Somewhere sporty: Picketts Lock
If all had gone to plan the world's athletes would be gathering to compete in Enfield next summer. But things didn't go to plan, they went 100% completely and utterly wrong. A local sports centre was built at Picketts Lock in 1977, a brownfield site by the River Lea with plenty of room for expansion. In 2001 the place was earmarked for Britain's proposed National Athletics Centre, and the IAAF were impressed enough to award the 2005 World Athletics Championships to London. Mistake. Costs spiralled, transport links were poor and the whole project fellapart in a public display of high-level backbiting. The government pleaded with the IAAF to move the games to Sheffield, but the IAAF were having none of it and moved the whole prestige project to Helsinki instead. Dead embarrassing.
Picketts Lock limped on as a local sports centre, but "came to the end of its sustainable lifecycle" a couple of years ago and was closed down. I found a very sorry site, with the entrance to the building locked and its glass windows smashed. The famous 1997 General Election count where MichaelPortillo lost his Enfield Southgate seat was held here, but I saw no signs of a blue (or even red) plaque on my visit. All that remains outside the centre is a multiscreen cinema and an under-frequented pizza restaurant. And a golf club, which is still doing very well thankyou (not that golf counts as a proper sport anyway). To the south, on the exact spot where the new stadium would have been built, all that remains is a disused driving range, a few buddleia-covered tennis courts and some empty car parks. By next August, while you're watching the world's best runners competing in Finland, the Picketts Lock leftovers should finally have been demolished. They're hoping to replace them with either a new National Athletics Centre or a small bowling green. I wouldn't bet money against the latter. by train: Ponders End (¾mile), by bus: W8
Somewhere retail: Enfield town centre
The place to be, even on a wet Saturday afternoon, is Enfield town centre. The shops are packed with people out bargain-hunting, or just standing around bitching and trying to look cool. I don't think I've ever seen quite so many spotty teenagers in baseball caps, hoodies, white trainers and nylon trackies in one place before. One carelessly discarded match and the whole town's youth would probably go up in flames. Enfield boasts a proper town centre, far enough from any large out-of-town shopping mall to have maintained its own retail identity. There's a traditional high street and a small market, as well as a decent 80s shopping centre carefully tucked out of sight behind the existing façades. You can sample the delights of Pearsons, a department store which has somehow survived since 1931 (although it looked to me to be stuck somewhere in the 1960s). But Enfield's biggest retail claim to fame is that the world's first cashpoint machine was installed here, at Barclays in Church Street in 1967. On The Buses actor Reg Varney was invited to officially open the new ATM, and he obliged by withdrawing £10. Nobody I saw in the queue on Saturday looked old enough for their parents to even have been born at the time. by train: Enfield Town, Enfield Chase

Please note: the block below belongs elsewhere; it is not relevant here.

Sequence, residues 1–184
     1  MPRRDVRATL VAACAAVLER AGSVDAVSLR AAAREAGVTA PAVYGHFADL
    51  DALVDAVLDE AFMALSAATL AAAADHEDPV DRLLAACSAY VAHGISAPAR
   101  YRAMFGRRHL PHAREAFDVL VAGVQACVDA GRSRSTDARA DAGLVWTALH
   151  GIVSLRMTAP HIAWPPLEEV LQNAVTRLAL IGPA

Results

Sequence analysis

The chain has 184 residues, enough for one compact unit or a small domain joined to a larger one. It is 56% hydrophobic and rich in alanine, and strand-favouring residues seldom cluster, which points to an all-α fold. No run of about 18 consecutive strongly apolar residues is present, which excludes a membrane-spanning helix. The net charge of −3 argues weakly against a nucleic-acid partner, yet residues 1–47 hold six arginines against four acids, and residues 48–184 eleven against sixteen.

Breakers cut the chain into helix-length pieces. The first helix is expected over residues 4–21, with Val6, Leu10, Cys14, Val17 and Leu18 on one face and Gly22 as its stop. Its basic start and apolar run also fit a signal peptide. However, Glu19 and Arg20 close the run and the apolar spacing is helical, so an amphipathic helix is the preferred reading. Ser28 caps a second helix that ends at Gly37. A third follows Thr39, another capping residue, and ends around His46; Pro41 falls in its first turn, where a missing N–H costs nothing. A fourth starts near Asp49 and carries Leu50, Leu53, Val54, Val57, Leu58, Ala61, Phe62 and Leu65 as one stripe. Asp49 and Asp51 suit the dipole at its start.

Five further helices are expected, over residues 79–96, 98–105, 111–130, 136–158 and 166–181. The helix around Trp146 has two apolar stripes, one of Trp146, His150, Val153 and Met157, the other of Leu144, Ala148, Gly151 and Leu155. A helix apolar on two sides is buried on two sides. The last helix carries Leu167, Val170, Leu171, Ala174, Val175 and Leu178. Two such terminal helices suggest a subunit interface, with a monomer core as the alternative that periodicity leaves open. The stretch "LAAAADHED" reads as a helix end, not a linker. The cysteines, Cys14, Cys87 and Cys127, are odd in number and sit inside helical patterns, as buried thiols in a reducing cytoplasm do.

Somewhere random: Crews Hill
This is a photograph of north London. In fact it's the northernmost point in London - a muddy track beneath the M25 between junctions 24 and 25. You can get slightly further north than this if you park along the clockwise hard shoulder of the motorway ¼mile to the west, but this concrete bridge is as far north as anyone can walk. The cyclist in the foreground of the photograph is a few yards into Hertfordshire, whereas the bridge, tunnel, cattle grid and green fields beyond are all part of Greater London. The driving rain during my visit provided a physical manifestation of the boundary, which lies exactly where the light grey track in the photo turns to damp dark grey. I got absolutely drenched walking the half mile up this unmade private lane which leads north from Crews Hill towards Goffs Oak (most famous residents, Posh Spice's parents). At the bottom of the lane stands the Glasgow Stud, and also a lockable gate labelled "Trespassers will be prosecuted" painted in Union Jack colours. The village of Crews Hill itself is nothing but the largest collection of garden centres I have ever seen in my life. You can't move for shrubs, sheds, greenhouses and gnomes, and families in 4x4s driving 20 yards from a car park on one side of the road to a car park on the other. Verily this is the end of the world. by train: Crews Hill, by bus: W10